By the methods of the invention, one can characterize the phenotypically heterogeneous populations of cells within a solid tumor. Populations of cells obtained from the solid tumor are isolated and structurally characterized using Fluorescence Activated Cell Sorting (FACS). In particular, one can identify, isolate, and characterize a phenotypically distinct cell population within a tumor having the stem cell properties of extensive proliferation and the ability to give rise to all other tumor cell types. Solid tumor stem cells are the truly tumorigenic cells that are capable of re-establishing a tumor following treatment.
The invention provides in vivo and in vitro assays of solid tumor stem cell function and cell function by the various populations of cells isolated from a solid tumor. The invention provides methods for using the various populations of cells isolated from a solid tumor (such as a population of cells enriched for solid tumor stem cells) to identify factors influencing solid tumor stem cell proliferation, to analyze populations of cells isolated from solid tumors for gene expression patterns or protein expression patterns, to identify new anti-cancer drug targets, to predict the sensitivity of tumors from individual patients to existing anti-cancer treatment regimens, to model anti-cancer treatment, to test new therapeutic compounds, to identify and test new diagnostic markers, to treat tumors, to produce genetically modified solid tumor stem cells, and to prepare cDNA libraries and microarrays of polynucleotides and polypeptides from solid tumor stem cells.
The invention provides a method for consistently growing solid tumor cells in vivo. The invention also provides a method to grow solid tumor cells that are in single cell suspension or in small aggregates. Moreover, the invention provides a chimeric animal (a xenograft model) in which tumors can be established from solid tumor primary cells and in which the tumors derived from these solid tumor cells can be tested. Furthermore, the invention provides tumor banks (large enough to perform substantial numbers of bioassays) derived from single solid tumor stem cells.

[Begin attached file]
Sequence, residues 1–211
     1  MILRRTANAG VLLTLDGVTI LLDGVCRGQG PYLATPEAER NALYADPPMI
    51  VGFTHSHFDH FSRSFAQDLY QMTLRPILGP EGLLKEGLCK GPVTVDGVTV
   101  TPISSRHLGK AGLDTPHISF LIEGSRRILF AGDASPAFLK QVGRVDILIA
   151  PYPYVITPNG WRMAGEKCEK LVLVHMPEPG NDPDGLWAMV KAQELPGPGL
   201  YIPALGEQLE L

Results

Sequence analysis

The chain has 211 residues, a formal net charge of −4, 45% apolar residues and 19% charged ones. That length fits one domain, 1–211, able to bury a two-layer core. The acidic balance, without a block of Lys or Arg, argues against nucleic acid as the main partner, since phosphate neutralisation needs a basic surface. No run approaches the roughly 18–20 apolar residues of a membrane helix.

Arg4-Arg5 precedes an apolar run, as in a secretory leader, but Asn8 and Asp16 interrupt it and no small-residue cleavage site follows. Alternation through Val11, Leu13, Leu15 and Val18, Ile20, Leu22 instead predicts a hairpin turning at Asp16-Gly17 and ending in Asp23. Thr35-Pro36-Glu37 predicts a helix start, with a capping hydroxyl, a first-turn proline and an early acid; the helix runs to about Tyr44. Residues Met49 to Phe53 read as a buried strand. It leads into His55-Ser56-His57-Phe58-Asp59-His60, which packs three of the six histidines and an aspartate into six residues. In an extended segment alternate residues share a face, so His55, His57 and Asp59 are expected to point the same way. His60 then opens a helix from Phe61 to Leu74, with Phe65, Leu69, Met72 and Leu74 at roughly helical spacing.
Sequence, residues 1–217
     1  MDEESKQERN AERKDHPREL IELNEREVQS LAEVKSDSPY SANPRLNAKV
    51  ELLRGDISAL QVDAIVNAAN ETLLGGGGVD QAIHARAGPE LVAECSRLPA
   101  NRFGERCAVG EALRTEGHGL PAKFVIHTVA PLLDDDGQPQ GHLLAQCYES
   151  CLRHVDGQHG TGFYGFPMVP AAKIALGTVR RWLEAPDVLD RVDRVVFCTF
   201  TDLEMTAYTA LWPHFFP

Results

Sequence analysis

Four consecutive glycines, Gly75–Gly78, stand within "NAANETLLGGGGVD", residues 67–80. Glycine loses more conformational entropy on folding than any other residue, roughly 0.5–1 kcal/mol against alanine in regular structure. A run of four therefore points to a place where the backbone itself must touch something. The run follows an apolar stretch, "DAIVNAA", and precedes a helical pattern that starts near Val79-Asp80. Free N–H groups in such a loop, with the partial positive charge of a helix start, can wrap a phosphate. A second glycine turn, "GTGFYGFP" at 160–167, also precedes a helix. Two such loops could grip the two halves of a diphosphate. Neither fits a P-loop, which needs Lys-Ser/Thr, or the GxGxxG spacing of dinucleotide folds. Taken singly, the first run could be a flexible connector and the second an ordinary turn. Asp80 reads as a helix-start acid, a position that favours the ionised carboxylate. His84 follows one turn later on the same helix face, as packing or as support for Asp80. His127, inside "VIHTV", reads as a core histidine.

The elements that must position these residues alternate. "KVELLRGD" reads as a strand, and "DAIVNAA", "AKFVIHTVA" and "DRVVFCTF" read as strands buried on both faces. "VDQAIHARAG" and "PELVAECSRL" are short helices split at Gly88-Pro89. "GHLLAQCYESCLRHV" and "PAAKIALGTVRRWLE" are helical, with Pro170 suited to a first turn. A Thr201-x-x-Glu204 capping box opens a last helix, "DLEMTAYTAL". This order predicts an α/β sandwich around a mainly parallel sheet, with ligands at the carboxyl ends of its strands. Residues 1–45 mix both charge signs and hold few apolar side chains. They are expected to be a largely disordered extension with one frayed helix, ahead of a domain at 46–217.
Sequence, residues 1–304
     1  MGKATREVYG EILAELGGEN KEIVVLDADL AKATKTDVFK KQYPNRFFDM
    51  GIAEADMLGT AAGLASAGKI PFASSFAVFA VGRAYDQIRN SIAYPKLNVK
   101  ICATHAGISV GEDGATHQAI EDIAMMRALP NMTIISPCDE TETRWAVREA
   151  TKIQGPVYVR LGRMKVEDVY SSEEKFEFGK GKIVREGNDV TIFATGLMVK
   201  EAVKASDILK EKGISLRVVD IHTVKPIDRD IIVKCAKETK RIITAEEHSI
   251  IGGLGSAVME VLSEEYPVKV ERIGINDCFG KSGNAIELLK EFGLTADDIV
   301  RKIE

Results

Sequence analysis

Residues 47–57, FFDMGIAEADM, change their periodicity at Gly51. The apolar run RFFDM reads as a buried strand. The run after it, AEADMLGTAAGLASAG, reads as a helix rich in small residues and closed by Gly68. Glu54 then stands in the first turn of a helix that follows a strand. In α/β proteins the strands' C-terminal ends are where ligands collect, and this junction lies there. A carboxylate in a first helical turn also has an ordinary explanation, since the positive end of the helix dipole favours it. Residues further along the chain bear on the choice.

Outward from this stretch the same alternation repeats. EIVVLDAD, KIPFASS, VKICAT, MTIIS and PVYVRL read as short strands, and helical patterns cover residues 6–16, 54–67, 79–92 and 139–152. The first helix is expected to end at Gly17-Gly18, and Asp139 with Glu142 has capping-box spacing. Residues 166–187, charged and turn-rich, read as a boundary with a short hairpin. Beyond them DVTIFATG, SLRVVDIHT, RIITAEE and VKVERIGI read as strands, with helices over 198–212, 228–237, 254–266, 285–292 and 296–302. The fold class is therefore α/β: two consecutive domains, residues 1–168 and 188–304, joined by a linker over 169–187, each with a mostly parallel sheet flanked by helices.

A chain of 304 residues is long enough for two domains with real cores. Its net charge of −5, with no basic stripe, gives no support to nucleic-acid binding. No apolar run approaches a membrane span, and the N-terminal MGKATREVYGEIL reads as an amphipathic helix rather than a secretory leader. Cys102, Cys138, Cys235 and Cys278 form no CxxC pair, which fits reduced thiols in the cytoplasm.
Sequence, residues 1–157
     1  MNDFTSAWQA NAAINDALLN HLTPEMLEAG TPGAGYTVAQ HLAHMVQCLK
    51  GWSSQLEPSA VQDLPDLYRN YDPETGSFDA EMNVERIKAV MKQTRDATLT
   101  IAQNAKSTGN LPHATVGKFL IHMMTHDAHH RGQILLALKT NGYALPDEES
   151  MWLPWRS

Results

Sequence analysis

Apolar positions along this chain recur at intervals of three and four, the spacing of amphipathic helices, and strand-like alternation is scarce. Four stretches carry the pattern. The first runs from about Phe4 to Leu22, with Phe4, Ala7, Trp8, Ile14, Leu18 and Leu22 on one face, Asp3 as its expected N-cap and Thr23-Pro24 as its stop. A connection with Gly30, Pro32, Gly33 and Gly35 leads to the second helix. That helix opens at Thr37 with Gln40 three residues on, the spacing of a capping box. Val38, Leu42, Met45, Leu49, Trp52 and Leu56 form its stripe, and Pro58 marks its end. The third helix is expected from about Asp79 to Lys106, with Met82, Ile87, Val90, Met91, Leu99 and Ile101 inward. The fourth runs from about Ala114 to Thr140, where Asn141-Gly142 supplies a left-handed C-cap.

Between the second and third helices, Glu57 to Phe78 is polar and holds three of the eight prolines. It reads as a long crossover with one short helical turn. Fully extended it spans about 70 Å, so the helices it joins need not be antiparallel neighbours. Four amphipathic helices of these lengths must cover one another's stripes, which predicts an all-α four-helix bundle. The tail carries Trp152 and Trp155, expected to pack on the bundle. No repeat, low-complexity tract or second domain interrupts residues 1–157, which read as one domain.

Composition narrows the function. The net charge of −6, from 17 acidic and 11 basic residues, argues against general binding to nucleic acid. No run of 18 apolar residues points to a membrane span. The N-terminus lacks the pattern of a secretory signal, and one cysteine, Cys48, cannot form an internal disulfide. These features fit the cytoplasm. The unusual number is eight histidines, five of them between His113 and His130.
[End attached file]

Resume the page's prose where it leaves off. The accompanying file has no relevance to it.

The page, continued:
In its several aspects, the invention usefully provides methods for screening for anti-cancer agents; for the testing of anti-cancer therapies; for the development of drugs targeting novel pathways; for the identification of new anti-cancer therapeutic targets; the identification and diagnosis of malignant cells in pathology specimens; for the testing and assaying of solid tumor stem cell drug sensitivity; for the measurement of specific factors that predict drug sensitivity; and for the screening of patients (e.g., as an adjunct for mammography). The invention can be used as a model to test patients' tumor sensitivity to known therapies; as a model for identification of new therapeutic targets for cancer treatment; as a system to establish a tumor bank for testing new therapeutic agents for treatment of cancer; and as a system to identify the tumorigenic cancer cells. Also, the invention provides synergy between the methods of the invention and breast cancer genomic databases, for an improved anti-cancer drug discovery.
The patent or application file contains at least one drawing executed in color. Copies of this patent or patent application publication with color drawings will be provided by the U.S. Patent and Trademark Office upon request and payment of the necessary fee.